(The extraordinary twist in the tail here is how the regulator manages both to deny the existence of this problem and blame the doctor at the same time. This is becoming ever more common in modern healthcare systems — DH).
Since posting this it has become clear there are hundreds of people who have experienced something similar – if you have been one of them could you add your experience to this thread.
Cases of drug overdose by celebrities have evinced a dark truth: drugs, alcohol, and depression make for lethal bedfellows in Hollywood. It shows that the charmed life of young actors is a misleading notion; under all that glitz and glam, many struggle with the demands of publicity, often turning to unadulterated intoxication as a release from the pressures of working in LA’s ‘dog-eat-dog’ world of film.
Hollywood nearly experienced another pill-induced loss on June 28, when Jonathan Rhys Meyers was rushed to the hospital after his purported attempt to join the ranks of his fallen predecessors. Paramedics answering a 999 call found him slumped on the floor, according to a report by tabloid newspaper The Sun.
The 33-year-old was released the following morning on June 29 from the Central London hospital, revealed E-News. Those currently close to the actor are questioning the veracity of the possibility that the actor actually tried to take his life. Celebrity news website TMZ cited a source from the actor’s inner circle, claiming that Ledger was inebriated but had no intention of taking his life.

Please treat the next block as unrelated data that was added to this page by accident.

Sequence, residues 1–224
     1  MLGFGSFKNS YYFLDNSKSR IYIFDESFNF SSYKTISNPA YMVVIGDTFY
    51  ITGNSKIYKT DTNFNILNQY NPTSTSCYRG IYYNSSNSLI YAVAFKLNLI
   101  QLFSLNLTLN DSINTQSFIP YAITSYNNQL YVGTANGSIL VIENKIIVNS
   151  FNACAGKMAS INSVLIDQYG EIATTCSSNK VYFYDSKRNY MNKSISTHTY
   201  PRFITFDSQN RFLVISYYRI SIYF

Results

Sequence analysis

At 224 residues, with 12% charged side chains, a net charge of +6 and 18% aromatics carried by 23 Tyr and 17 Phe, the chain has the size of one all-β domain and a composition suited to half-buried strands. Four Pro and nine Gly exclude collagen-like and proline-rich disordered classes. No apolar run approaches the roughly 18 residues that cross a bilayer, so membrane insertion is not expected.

Still, many doubt the efficacy of this statement and instead believe that Meyers’ grip on the will to live is tenuous at best. The fact that he was disturbed in his intoxicated state was corroborated when Scotland Yard gave a statement London Ambulance Service that had to call officers following reports of a man refusing treatment. Again, the fact that Meyers refused treatment for over half an hour indicates a serious problem. It has not yet been confirmed whether the actor will be undergoing serious therapy for his alcohol and pill fueled suicide attempt.
Sources have also left the matter of the 999 emergency phone call unexplained. Several questions remains: Who called? Was Rhys Meyers found by someone else or did he call for ambulatory services himself? Actors have pulled worse celebrity stunts before- so was this orchestrated to get more attention from tabloids?
Speculation aside, the facts speak for themselves: Rhys Meyers’ drinking problem coupled with his five trips to rehab goes to show that the actor has a lot of demons to deal with. Furthermore, his career wasn’t exactly down in the dumps either; he has recently wrapped up the fourth and final season of “Tudors” in 2010. Also a big fashion name, Meyers has been the face of Hugo Boss men’s fragrance range since 2005 and was also chosen as the official face of the Versace men’s autumn/winter 2006 and spring 2007 collections. Again, it seems that the actor’s troubles don’t stem from his career.